Sunday, November 21, 2010

Stirred but not too shaken

I had a great weekend down in Christchurch for a friends 60th birthday. I caught up with friends and family, thrillingly experienced a small aftershock (a Wellingtonian is saying this...nuts!) and went to see the Ron Mueck Exhibition.This is a pic of me looking at the giant newborn which gives you a sense of scale. If you haven’t been to see these extraordinary works, then book a cheap airfare and go. Do not miss it... and don’t be put off by that quake business.

Yes, there are houses with cracks and held together with ropes but there are houses totally unaffected. There are empty spaces where buildings have gone and then standing surprises like Shands Emporium (built 1866) where my favourite vintage clothing shop, Tête à Tête was mercifully undisturbed and doing a brisk, friendly and super helpful trade. But apart from some busy cafes and the selling of vintage corsets, things were pretty quiet retail-wise in the city centre. The locals seem pretty fed up with the state of things; the limbo that remains after a civil disaster in the midst of a recession. And it doesn’t help Christchurch if you stay away.

Whilst there, I went to a mall to buy a birthday card and it was packed to the gunnels with tinkly Christmas music and the overpowering smell of muggy people and stale food halls. I couldn’t wait to get out of it. This isn’t the Christchurch that I knew and loved in the 80’s and 90’s when we lived there. If you shut your eyes and opened them again you could be in St Lukes, Westfield or any of the cloned soul-less malls that dominate retail. Thank God Wellington is so geographically compromised that we adhere happily to a few well trod mainstreets in the heart of the city, leaving the malls to far flung satellite cities. It’s what keeps a city alive and kicking.

So, go to Christchurch but go to the heart of it. Go the art galleries, the markets, the art centre and the old eclectic parts that still remain and defied the earthquake. Go and spend your Christmas budget there on presents, eat in the cafes, enjoy the coffee, go and see the deliciously decadent Cabaret at the Court Theatre. That’s the way you can help, far more so than ticking a ‘like’ box on facebook. And go to the launch of a new book by Gavin Bishop and Diana Noonan (two of my oldest and favourite colleagues with my most supportive publisher) of Quaky Cat- authors doing their bit to help in the very best way possible.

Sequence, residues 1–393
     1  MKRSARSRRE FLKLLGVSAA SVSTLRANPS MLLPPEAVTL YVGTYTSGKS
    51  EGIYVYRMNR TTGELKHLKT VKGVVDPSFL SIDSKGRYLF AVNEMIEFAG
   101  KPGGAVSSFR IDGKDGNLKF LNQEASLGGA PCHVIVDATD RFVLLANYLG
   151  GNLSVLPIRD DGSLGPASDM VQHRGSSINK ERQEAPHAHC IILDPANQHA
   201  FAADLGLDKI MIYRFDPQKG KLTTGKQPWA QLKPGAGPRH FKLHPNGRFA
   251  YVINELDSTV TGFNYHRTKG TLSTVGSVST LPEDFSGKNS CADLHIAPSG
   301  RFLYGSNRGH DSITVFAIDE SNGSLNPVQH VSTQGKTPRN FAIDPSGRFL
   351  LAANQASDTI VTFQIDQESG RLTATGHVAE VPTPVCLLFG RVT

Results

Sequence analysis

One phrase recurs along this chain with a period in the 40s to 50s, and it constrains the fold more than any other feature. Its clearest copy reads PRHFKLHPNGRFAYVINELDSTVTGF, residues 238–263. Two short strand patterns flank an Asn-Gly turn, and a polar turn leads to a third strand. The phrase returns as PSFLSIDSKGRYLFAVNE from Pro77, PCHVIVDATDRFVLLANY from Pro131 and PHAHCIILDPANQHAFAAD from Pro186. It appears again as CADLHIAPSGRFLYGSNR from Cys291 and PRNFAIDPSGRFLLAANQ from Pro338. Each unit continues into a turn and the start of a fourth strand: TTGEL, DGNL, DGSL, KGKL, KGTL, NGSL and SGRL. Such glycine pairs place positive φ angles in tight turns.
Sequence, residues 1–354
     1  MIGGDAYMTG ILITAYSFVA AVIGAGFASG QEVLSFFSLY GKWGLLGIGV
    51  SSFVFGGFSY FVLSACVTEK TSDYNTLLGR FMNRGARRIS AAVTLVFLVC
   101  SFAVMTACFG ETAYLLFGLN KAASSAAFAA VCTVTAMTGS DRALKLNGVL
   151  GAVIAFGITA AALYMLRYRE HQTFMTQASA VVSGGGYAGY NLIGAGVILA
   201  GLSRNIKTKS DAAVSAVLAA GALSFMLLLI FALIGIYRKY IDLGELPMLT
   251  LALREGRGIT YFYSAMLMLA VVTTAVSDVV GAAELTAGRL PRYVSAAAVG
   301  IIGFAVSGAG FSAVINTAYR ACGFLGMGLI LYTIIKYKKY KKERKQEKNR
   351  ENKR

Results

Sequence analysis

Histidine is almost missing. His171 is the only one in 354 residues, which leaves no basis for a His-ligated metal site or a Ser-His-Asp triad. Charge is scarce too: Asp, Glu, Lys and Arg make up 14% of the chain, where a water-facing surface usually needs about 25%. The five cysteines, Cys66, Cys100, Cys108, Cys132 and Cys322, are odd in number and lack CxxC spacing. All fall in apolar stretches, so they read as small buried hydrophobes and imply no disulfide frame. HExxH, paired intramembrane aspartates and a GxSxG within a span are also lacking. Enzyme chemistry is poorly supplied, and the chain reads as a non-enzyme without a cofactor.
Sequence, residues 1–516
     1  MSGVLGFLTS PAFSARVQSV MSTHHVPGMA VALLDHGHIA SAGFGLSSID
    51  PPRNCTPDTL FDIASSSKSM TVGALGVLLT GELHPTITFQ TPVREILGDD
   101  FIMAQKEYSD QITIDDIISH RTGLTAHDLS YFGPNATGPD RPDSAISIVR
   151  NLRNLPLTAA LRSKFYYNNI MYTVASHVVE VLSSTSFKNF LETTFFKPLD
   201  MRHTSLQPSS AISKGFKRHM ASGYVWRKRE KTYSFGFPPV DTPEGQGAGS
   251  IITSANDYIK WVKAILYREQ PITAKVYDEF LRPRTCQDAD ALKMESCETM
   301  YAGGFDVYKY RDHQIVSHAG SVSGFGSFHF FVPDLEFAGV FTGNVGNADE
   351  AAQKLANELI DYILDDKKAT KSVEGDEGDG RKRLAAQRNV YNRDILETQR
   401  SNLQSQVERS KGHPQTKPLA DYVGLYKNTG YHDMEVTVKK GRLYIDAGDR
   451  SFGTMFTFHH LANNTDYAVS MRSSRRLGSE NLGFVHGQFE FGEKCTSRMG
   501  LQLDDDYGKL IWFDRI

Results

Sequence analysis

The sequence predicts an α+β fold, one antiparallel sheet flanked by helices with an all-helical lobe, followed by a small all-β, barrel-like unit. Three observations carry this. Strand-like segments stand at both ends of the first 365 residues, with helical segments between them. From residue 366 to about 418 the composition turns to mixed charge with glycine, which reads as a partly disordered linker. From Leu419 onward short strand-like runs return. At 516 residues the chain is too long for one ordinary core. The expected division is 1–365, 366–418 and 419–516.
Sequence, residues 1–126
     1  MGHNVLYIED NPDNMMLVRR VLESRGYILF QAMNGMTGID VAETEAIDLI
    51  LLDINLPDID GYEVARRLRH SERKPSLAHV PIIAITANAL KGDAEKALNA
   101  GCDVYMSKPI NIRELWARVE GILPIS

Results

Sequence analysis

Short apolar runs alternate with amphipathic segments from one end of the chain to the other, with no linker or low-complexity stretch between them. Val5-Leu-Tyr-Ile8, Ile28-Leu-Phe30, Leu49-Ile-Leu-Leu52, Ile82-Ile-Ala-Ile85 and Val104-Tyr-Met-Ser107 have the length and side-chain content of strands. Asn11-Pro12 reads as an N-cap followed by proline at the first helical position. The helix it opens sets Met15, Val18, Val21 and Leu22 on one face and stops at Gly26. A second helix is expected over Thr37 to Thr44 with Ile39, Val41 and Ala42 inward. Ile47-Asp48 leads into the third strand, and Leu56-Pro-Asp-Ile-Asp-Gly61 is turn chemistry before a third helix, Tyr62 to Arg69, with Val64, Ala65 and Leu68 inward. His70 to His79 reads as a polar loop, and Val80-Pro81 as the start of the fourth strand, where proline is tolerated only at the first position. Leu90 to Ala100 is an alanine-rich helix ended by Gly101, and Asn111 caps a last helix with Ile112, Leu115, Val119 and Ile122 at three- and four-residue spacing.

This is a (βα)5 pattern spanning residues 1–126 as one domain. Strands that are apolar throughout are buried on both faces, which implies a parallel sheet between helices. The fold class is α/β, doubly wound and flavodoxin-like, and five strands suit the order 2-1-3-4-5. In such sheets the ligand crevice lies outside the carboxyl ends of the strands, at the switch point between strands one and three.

Thats all for this week, cheers Fifi :)

Thursday, November 18, 2010

Into the future with a book about the past

I'm getting quite desperate to start on illustrating a book in the new year for Scholastic. This requires that I will need to cease my job on The Hobbit, because there isn't a way that one can spend 10 hours a day at one illustration job and squeeze another 10 hours a day into another. little time, so much to do! Such opportunitites of varying financial you take the gold now and stop building a personally developed nest for the future? Or starve whilst creating your magnum opus that may or may not reap dividends. The work I'm doing on the film  will never have my name on it and at the end of the day I am a hired hand (literally, my hand is paid to render). I guess you have to go where your heart and soul is and as I said, I am quite desperate to start on that book and I intend for it to be a work of exquisit art. The pastel study I've attached here is a preliminary sketch- it won't appear in the book but will give you a feel for where I am heading with it. I hope it will touch the hearts of its audience because the story has certainly touched mine.

Thursday, November 11, 2010

Secrets Revealed!

Want to know the tricks and tips of seasoned speakers? In particular, how to manage an audience of under 13 year olds, their teachers and the kid with ADHD... come to the WCBA clubnight at The Library Bar on Courtenay Place next Tuesday at 7pm. I'll be there- in fact, I'll be speaking! Dessert are 2 for the price of one, so bring a friend :)